(b) The person or persons soliciting or canvassing signatures of duly qualified voters on such the certificate or certificates, may solicit or canvass duly registered voters residing within the county, district or other political division represented by the office sought, but must first obtain from the clerk of the county commission credentials which must be exhibited to each voter canvassed or solicited, which credentials may be in the following form or effect:
State of West Virginia, County of ................., ss:
This certifies that ..............................., whose post-office address is ..............................., the holder of this credential is hereby authorized to solicit and canvass duly registered voters residing in .................. (here place the county, district or other political division represented by the office sought) to sign a certificate purporting to nominate ............................ (here place name of candidate heading list on certificate) for the office of .......................... and others, at the general election to be held on ..................., 20....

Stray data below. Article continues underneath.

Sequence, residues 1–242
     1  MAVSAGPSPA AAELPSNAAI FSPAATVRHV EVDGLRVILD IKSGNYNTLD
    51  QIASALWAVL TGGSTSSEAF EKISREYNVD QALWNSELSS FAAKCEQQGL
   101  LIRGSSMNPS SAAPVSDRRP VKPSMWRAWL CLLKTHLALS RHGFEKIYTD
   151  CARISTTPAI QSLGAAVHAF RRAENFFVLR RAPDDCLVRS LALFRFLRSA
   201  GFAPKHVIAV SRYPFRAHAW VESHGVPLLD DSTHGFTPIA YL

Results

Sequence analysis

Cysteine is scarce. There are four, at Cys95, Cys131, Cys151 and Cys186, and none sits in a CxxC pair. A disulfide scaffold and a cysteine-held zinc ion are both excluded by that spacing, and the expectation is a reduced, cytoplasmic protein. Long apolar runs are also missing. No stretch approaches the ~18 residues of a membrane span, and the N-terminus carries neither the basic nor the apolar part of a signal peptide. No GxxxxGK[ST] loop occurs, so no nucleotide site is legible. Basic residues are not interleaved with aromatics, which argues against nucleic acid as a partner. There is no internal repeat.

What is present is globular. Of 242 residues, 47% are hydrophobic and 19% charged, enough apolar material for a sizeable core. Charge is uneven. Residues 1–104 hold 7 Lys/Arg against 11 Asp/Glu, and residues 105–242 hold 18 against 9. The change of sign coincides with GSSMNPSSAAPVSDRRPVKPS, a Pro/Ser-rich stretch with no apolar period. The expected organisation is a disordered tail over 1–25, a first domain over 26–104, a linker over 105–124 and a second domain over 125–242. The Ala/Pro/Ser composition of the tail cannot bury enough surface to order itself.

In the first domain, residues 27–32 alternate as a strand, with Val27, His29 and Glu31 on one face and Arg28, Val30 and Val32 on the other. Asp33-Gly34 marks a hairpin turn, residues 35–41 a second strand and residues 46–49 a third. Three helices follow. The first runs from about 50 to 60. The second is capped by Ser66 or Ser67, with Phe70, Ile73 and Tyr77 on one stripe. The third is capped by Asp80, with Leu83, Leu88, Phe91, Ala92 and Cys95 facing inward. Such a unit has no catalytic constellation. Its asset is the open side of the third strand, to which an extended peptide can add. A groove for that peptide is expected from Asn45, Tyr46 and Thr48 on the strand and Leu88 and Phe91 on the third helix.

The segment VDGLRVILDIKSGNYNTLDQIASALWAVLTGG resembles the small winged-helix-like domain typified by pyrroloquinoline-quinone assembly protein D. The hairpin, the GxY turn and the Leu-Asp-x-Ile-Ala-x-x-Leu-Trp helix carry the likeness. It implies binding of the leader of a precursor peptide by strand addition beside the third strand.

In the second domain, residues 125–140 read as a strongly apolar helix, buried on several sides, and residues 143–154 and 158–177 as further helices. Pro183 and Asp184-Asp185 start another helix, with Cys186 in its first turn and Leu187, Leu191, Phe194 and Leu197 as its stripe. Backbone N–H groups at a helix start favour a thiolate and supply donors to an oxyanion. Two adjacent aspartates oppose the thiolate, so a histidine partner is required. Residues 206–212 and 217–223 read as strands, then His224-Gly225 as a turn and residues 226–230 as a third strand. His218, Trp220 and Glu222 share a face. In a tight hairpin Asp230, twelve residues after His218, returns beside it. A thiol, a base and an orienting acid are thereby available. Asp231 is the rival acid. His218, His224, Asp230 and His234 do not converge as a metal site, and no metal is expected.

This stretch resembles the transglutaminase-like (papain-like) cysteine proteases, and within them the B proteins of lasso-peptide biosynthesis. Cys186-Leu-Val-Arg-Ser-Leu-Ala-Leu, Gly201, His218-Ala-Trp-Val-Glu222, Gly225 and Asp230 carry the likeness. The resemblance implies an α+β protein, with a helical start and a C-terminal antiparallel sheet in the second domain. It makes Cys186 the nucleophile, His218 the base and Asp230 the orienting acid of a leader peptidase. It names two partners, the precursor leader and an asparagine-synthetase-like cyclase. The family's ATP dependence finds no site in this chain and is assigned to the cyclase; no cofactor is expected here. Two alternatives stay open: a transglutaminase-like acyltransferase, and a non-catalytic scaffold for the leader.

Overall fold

Given under my hand and the seal of my office this ............... day of ........................., 20......
...............................................
Clerk, County Commission of ........... County.
The clerk of each county commission, upon proper application made as herein provided, shall issue such the credentials and shall keep a record thereof.